Saturday, March 29, 2008

Stepping down memory lane

"You can never home again." Whoever devised that phrase was not speaking literally but metaphorically. Whenever you leave your childhood home and go back years later, the childhood home you fondly remember has changed and so have you. The same can be applied to any place you remember fondly and it applies to me regarding my time at Brighton College.

I had an opportunity to stroll down memory lane when the current headmaster Richard Cairns and his assistant Patrick Meehan held a drinks reception for Old Brightonians. Also coming along were parents of current pupils. There were a few OBs there but there could have been more if they didn't schedule the reception on the opening day of the Hong Kong Rugby Sevens. It was nice talking to the current headmaster and Patrick about what is going on in Brighton College, finding out that my former housemaster Kenneth Grocott is going back to becoming a housemaster of the boarding house again.

There was a showing of a promotional video about the current state of the school, which is a good idea for OBs who haven't been back for a while. Essentially it was like a piece of propaganda, an advertisement showing how brilliant the school is but you have to accept it as it is - one has to sell the school on the merits in any possible way. I would still recommend Brighton College to any prospective parents out there.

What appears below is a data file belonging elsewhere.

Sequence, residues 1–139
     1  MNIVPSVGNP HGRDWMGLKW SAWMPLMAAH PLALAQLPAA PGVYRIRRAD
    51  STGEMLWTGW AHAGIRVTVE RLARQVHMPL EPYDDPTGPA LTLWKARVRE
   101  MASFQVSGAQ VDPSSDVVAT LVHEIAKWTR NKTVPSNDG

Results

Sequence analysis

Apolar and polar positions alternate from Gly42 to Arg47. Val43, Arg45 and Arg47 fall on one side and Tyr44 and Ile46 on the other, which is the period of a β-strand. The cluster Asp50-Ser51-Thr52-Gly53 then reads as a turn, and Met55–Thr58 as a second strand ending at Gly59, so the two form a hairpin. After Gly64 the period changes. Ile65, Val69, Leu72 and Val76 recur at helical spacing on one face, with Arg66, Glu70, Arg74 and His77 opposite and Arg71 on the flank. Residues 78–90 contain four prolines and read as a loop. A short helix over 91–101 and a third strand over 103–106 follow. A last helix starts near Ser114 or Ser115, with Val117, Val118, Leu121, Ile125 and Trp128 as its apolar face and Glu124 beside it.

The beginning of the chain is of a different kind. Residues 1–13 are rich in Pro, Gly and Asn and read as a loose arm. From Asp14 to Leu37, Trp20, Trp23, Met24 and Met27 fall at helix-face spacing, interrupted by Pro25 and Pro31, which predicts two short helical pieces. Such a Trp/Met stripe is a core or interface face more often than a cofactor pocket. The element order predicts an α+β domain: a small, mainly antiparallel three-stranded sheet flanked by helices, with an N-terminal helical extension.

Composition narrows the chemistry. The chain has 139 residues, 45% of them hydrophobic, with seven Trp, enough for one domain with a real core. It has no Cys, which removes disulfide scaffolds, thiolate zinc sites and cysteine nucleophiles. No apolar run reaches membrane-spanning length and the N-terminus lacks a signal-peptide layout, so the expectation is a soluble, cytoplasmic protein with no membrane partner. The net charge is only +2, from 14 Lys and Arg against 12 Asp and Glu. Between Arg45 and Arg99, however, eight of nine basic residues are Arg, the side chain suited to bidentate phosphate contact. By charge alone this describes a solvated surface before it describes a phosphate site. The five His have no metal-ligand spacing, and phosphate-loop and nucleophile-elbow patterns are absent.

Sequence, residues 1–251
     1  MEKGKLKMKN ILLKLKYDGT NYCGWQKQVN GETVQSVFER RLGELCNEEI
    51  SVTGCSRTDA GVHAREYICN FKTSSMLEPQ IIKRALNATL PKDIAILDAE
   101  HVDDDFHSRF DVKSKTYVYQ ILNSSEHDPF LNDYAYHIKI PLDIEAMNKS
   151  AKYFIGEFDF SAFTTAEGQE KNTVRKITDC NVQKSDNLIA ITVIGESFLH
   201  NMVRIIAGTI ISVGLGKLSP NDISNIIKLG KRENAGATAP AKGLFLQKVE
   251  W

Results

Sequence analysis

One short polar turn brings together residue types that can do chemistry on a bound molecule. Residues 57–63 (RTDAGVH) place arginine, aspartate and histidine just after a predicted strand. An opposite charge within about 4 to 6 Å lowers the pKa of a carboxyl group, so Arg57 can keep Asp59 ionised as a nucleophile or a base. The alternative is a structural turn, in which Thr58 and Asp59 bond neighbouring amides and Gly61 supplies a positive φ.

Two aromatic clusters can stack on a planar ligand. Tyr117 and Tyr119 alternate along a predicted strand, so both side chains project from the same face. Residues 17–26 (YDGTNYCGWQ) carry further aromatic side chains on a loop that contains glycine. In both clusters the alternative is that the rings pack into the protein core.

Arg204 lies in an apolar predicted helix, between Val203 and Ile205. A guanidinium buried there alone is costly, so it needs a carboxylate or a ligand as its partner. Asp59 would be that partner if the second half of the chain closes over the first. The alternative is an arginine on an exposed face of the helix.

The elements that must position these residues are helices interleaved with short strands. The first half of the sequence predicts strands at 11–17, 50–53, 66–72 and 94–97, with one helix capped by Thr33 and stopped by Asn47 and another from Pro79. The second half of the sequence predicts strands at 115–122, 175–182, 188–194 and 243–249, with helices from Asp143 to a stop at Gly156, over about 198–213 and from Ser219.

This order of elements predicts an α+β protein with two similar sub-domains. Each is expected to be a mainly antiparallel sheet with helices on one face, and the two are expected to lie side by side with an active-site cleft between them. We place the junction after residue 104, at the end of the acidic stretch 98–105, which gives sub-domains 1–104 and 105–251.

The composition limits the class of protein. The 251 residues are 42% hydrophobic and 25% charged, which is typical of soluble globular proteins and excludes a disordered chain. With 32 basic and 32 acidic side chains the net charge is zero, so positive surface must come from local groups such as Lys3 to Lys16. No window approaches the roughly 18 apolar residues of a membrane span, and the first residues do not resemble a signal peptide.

During the video they showed a class learning Mandarin. It was amusing watching English students trying to pronounce Chinese characters from a Hong Kong perspective. I also found it amusing when they showed the Leavers' Day with "Jerusalem" being sung in the background, with one of the parents at the reception asking if that was the school's song. Obviously anybody who has been to Brighton College knows that is the English national hymn which is song at every Leavers' Day but to anybody in Hong Kong is just sounds like a majestic song.

I really hope they do hold more of these gatherings and hope more people will come. I know they are a few more OBs in Hong Kong. Not everybody has fond memories of their school days but there must be some good memories to share with others who have gone through the same experience.

Saturday, March 22, 2008

Easter holidays